faction in being enabled to inform Mr. Calcraft then mored. 1. That the committee, that there was a con. a sum not exceeding 2,278,1971. US, nderable reduction in the estimates 10d. be granted to his majesty, for be bad now to submit to them, com. the charge of the office of ordnance pered with those of the former years: for the land-service for Great Bri. which reduction, he candidly stated, tain, for the year 1807...-2. That was to be impoted, not to the board 479.2 161. 19s. 70. he granted to his of ordnance, but to the adequate majesty, for the charge of the office supplies of former years, which, in of ordnance in Ireland, for the year facilitating the progress of the public 1807.---3. That 301,1066 9s. 8d. Forks, had lessened the grants of be granted to his majesty, for defrayDubey Decessary to support them. ing the expence of services performed If the board of ordnance had any by the office of ordnance for land. claim to merit, it was for the uniform service for Great Britain, and not zeal with which the board had re. provided for by parliament in the isted all the expensive projects that year 1805.---4. That 262,3651. 145. bad been submitted to them,' and 2d. be granted to his majesty, for Consulted on all occasions the utmost defraying the expence of services Economy that was practicable. The performed by the office of ordnance principal reductions were owing to for land.service, for Great Britain, the completion of those great works and not provided for by parliament in Kent, and on the coast of Sussex, in the year 1806. These resolutions which, while erecting, were pro. were reported next day, and agreed to. doctive of an expence of no incon. January 12.-Lord Castlereagh siderable magnitude. The sum now moved for returns of the present supruired would be found to be effective state of our military esta. £800,000. less than that voted last blishment. The first point on which year, and this, too, notwithstand. he thought it necessary to call for ing the increase of 1,400 men in one information, was, the actual state of battalion of foot artillery; the in. the army, regulars and militia. His Chased expence of the establish. first motion, therefore, would be, Seats of engineers; and the aug. for a return of the present effective Sestation of pay granted to the strength of the regular army, the Artillery, by his majesty. This militia, and the artillery, up to the threefold addition to our expendi. latest period when returns had been feres, would amount to £150,000: made, and at the end of every so that, had there not been a reduc. month from the 1st of March 1806, tion of €600,000. the increase now inclusive. By this return, the house required would be £750,000. In would be enabled to judge how far the ordnance estimates for Ireland, the army had undergone any in. the diminution would be found to be crease, or diminution of its effective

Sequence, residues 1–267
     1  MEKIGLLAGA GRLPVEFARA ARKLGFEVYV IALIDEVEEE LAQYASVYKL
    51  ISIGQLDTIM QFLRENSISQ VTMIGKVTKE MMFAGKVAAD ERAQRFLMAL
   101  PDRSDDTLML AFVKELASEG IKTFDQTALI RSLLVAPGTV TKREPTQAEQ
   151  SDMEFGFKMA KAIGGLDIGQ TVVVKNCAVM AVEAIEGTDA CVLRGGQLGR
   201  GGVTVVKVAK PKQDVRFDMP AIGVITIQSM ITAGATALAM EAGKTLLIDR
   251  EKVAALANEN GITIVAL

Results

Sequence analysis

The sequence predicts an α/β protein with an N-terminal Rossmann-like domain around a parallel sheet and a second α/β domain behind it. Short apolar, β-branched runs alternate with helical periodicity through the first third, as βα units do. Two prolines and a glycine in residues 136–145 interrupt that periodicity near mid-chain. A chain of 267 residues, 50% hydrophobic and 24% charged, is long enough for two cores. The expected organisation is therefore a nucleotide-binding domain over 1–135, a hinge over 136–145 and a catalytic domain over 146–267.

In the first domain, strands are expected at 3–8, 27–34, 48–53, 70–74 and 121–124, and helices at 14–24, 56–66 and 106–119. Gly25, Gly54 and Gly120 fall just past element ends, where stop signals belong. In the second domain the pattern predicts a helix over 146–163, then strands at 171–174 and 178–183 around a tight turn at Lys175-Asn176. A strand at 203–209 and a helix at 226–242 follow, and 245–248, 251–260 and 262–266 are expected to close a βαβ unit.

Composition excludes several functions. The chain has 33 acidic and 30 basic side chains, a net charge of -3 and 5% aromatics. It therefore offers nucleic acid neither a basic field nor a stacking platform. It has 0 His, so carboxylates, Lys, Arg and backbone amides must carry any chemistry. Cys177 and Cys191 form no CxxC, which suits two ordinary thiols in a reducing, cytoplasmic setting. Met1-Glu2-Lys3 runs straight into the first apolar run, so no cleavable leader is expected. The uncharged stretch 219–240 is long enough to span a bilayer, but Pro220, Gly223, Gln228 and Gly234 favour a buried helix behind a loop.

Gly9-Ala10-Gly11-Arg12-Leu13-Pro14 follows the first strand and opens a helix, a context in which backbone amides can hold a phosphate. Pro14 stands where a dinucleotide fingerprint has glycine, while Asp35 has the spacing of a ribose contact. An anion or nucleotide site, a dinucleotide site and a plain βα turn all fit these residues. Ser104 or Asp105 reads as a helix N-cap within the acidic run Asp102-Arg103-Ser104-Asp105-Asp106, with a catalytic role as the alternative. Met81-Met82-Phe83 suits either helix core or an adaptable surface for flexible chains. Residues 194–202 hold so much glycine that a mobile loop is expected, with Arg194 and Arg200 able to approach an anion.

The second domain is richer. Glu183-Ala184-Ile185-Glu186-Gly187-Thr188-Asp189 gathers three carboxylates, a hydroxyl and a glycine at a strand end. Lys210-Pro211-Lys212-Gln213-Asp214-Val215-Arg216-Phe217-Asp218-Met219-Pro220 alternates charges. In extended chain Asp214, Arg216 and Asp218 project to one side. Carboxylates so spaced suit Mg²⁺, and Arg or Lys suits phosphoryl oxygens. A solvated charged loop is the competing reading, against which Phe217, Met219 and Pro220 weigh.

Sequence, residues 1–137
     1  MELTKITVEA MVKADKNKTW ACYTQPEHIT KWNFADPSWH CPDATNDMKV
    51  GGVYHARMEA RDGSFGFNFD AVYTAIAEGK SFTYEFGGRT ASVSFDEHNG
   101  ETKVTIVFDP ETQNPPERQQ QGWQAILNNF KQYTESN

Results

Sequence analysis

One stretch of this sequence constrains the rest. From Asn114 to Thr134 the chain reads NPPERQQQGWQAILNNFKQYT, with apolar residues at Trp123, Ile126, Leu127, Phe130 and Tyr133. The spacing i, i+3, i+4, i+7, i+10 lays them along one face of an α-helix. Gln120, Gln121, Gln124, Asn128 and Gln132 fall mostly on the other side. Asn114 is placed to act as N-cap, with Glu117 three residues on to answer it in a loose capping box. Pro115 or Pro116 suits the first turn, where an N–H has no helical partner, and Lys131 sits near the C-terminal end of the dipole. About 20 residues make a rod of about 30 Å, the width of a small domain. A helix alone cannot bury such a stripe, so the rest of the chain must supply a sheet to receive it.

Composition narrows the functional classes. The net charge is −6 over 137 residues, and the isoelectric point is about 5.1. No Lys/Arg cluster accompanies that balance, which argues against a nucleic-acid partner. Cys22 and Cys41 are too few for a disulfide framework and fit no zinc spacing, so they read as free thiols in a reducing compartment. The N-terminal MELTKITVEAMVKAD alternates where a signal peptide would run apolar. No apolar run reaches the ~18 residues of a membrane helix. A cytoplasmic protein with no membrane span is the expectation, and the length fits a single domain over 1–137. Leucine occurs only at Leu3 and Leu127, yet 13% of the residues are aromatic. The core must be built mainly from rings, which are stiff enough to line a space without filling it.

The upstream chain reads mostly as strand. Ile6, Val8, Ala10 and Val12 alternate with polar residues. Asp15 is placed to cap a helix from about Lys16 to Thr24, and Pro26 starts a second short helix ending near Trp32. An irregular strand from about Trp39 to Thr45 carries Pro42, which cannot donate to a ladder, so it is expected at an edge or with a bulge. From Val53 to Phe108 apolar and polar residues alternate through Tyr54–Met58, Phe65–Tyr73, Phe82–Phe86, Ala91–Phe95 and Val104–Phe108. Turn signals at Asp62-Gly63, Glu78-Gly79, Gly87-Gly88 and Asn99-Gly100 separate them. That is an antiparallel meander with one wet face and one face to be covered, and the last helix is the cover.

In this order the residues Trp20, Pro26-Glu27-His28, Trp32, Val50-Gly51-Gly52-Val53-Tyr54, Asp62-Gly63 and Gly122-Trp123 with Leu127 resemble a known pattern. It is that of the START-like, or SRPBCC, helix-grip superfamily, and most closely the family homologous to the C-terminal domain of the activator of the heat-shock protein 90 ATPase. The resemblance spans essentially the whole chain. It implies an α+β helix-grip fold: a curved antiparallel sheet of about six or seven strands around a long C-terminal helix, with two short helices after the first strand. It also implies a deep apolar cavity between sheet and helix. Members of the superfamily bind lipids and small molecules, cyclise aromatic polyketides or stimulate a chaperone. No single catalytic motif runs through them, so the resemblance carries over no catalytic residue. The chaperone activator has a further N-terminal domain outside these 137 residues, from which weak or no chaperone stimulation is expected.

strength strength within that period. The guishing those serving abroad, fro next point on which he proposed to those serving at home. 3. A retu move for information, respected the of the men raised monthly for sources from which the supply for regular army, from the month keeping up the strength of the army January 1805, to the first was derived. The two motions January 1807, exclusive of forei which he meant to bring forward on or colonial levies, and distinguishi these heads, would put the house in those raised by the Additional For possession of full information re. act, by the regular recruiting, a specting the general state of the those that were enlisted from t army, and the means at present ex. militia. 4. Copies of all orders isting, for keeping it up to its proper regulations that had been issu establishment. His further motions since the last session of parliamet related to branches of our military respecting the recruiting of the 1 force, that were collateral with the gular army. 5. An abstract of t regular army, and calculated to sup. effective strength of the volunteers port it and keep it up : he meant the the 1st of January 1806, distinguis volunteers ; and that other branch ing infantry and cavalry : also which had engaged so much of the like return at the latest period wh attention of the house during last any return had been, specifyi session, when the General Training within what period such return h bill was under discussion...And, if been made. 6. An abstract of su the papers should not prove, that the instructions as had been issued, 1 state of the army was more satisfac. his majesty's command, to the lie tory, than, from the information he tenants of counties; and of su had been enabled to receive, he was proceedings as had been taken ther disposed to believe it, he should on in execution of the act of la never consent to a renewal of that session of parliament, for the genei fundamental change in the Mutiny training of the population of t act, which the right honourable se. country. cretary at war had introduced into Mr. Windham confessed a dil it last session.